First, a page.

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Emory Researchers Honored by Association for Psychological Science

August 3, 2010

Media Contacts

Beverly Cox Clark, 404-712-8780, beverly.clark@emory.edu; Emily Rios, erios@emory.edu

Daryll B. Neill, PhD, psychology professor, Emory College, and Kim Wallen, PhD, a researcher at the Yerkes National Primate Research Center and Samuel Candler Dobbs Professor of Psychology and Behavioral Neuroendocrinology, Emory University, have been awarded the distinction of Association for Psychological Science (APS) Fellows. Election as a fellow is an honor bestowed upon APS members by their peers. This year, 39 members were honored by APS for their outstanding contributions to the science of psychology in the areas of research, teaching, service and application.

Neill studies the "reward systems" of the mammalian brain, covering the neuroanatomy and neurochemistry of brain mechanisms for mood, motivation, and reward. These systems are relevant to understanding the biological bases of depression and drug abuse. He is one of the founders of Emory’s Neuroscience and Behavioral Biology Program in the Emory College of Arts and Sciences, and teaches hundreds of students a year in courses concerned with brain processes and behavior.

Wallen’s work focuses on the interaction between hormones and social context on the development and expression of sexual and sex-related behavior in nonhuman primates and humans. His lab is currently investigating hormonal therapies for post-menopausal women and the role of prenatal hormones on sexually differentiated behavior, social status and neuroendocrine function in rhesus monkeys. His human research also investigates sex differences in response to visual sexual stimuli by using fMRI and eye-tracking methodologies.

“Dr. Wallen is so deserving of being named an APS Fellow,” said Mark Wilson, PhD, Chair of the Yerkes Division of Developmental and Cognitive Neuroscience. “Through his scholarly and innovative approach to science, he has continued to make significant contributions to our understanding of how the social environment shapes the biological basis of sex differences in behavior,” said Wilson.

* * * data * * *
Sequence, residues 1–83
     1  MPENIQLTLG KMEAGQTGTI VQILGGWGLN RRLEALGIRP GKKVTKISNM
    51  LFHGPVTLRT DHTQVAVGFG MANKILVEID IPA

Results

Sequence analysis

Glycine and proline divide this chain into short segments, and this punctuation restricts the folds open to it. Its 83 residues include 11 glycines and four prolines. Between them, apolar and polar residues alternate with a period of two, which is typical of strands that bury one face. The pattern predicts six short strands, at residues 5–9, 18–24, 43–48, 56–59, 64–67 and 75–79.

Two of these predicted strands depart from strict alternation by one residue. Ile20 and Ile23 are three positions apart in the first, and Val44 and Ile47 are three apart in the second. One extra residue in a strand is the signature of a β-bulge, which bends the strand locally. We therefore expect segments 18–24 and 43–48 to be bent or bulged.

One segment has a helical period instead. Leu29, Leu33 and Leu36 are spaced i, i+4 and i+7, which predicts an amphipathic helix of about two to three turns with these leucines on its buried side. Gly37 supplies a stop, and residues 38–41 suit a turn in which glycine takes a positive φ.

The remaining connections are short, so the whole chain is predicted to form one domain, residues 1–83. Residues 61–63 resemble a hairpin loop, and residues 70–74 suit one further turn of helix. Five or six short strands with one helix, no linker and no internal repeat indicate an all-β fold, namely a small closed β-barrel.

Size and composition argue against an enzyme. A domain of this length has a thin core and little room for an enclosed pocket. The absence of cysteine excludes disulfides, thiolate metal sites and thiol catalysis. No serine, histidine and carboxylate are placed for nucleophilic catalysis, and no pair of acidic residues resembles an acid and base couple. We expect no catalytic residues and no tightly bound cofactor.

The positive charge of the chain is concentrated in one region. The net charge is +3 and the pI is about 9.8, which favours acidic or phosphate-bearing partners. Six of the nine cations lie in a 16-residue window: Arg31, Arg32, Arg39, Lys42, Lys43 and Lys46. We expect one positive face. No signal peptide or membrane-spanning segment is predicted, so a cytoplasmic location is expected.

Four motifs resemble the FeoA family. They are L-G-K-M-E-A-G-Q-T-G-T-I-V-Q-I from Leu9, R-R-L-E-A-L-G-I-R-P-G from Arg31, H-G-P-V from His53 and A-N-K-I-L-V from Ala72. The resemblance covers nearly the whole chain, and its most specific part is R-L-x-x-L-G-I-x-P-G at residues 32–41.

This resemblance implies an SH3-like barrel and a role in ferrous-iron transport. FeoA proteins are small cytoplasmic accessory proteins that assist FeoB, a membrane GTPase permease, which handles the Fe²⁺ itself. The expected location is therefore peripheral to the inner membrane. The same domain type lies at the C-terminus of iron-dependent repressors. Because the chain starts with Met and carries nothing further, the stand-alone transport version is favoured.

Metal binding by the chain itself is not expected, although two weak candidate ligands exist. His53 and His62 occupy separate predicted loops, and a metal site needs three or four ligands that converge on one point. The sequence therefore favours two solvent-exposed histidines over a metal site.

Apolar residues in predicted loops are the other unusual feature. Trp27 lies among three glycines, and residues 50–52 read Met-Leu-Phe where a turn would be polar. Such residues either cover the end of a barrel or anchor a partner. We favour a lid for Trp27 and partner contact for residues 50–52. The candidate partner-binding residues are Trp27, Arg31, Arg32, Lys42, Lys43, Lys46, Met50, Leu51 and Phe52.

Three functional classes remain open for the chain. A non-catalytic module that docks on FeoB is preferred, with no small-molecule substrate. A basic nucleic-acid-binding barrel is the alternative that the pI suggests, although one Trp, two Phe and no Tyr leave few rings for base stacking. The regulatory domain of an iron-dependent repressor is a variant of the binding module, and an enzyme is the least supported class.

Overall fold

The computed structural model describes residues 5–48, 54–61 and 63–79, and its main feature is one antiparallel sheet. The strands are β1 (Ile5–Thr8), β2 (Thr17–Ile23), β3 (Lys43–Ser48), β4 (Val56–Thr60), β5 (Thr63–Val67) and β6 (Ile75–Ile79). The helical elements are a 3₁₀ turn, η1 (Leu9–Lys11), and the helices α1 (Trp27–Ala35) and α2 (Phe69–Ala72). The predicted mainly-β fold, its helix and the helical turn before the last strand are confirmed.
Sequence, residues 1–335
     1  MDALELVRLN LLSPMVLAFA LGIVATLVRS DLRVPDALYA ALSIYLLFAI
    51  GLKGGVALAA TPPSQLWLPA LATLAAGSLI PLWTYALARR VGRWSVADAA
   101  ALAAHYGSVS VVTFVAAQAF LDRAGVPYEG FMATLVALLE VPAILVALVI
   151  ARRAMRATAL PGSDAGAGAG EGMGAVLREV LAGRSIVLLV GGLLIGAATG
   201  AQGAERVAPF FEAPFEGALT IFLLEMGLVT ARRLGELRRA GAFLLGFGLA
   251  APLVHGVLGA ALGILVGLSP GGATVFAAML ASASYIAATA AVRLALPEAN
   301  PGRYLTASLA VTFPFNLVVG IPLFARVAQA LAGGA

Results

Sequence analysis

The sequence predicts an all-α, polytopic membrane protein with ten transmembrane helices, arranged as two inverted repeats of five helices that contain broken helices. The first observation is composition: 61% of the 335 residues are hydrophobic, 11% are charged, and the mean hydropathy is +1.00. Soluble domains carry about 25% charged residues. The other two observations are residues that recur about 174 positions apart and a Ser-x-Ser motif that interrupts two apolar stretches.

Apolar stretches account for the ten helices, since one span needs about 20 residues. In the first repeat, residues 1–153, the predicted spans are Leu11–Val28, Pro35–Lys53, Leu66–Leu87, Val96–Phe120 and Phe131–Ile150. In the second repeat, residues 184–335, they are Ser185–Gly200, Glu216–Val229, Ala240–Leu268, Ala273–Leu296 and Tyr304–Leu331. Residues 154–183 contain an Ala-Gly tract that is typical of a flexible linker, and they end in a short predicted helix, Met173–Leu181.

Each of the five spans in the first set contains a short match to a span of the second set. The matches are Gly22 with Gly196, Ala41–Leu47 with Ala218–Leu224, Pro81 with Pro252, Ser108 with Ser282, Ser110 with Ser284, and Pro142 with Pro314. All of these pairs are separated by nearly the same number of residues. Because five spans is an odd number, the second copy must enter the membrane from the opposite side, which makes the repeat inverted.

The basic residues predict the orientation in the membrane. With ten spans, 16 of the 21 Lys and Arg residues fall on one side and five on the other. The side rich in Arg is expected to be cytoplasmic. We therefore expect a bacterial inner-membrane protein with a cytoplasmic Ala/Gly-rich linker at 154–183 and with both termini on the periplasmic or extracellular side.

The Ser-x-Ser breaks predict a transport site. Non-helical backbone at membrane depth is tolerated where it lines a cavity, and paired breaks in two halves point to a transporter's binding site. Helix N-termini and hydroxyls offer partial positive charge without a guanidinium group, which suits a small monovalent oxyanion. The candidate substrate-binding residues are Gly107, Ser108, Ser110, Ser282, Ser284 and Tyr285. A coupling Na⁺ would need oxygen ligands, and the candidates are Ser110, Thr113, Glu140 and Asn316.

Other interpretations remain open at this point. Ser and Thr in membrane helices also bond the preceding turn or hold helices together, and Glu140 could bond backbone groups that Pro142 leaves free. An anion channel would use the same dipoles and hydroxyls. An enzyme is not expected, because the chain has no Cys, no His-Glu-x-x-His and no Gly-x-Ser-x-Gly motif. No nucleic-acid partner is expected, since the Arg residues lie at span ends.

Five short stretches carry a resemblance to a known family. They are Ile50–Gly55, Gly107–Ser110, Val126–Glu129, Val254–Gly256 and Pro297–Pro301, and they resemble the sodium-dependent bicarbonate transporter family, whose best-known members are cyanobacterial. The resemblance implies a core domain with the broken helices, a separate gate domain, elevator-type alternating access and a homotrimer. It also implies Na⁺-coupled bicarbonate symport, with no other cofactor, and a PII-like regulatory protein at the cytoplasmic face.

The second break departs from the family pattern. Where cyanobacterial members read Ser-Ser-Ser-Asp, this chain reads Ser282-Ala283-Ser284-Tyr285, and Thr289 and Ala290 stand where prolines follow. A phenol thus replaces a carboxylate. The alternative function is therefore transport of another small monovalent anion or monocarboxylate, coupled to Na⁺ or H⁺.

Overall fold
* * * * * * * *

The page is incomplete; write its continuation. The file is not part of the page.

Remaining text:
For nearly eight decades, the Yerkes National Primate Research Center, Emory University, has been dedicated to conducting essential basic science and translational research to advance scientific understanding and to improve the health and well-being of humans and nonhuman primates. Today, the center, as one of only eight National-Institutes of Health-funded national primate research centers, provides leadership, training and resources to foster scientific creativity, collaboration and discoveries. Yerkes-based research is grounded in scientific integrity, expert knowledge, respect for colleagues, an open exchange of ideas and compassionate quality animal care.

Within the fields of microbiology, immunology, neuroscience and psychobiology, the center’s research programs are seeking ways to: develop vaccines for infectious and noninfectious diseases, such as AIDS and Alzheimer’s disease; treat cocaine addiction; interpret brain activity through imaging; increase understanding of progressive illnesses such as Parkinson’s and Alzheimer’s; unlock the secrets of memory; determine behavioral effects of hormone replacement therapy; address vision disorders; and advance knowledge about the evolutionary links between biology and behavior.



The Robert W. Woodruff Health Sciences Center of Emory University is an academic health science and service center focused on missions of teaching, research, health care and public service. Its components include the Emory University School of Medicine, Nell Hodgson Woodruff School of Nursing, and Rollins School of Public Health; Yerkes National Primate Research Center; Winship Cancer Institute of Emory University; and Emory Healthcare, the largest, most comprehensive health system in Georgia. Emory Healthcare includes: The Emory Clinic, Emory-Children's Center, Emory University Hospital, Emory University Hospital Midtown, Wesley Woods Center, and Emory University Orthopaedics & Spine Hospital. The Woodruff Health Sciences Center has a $2.5 billion budget, 17,600 employees, 2,500 full-time and 1,500 affiliated faculty, 4,700 students and trainees, and a $5.7 billion economic impact on metro Atlanta.

Learn more about Emory’s health sciences: http://emoryhealthblog.com -
@emoryhealthsci (Twitter) - http://emoryhealthsciences.org

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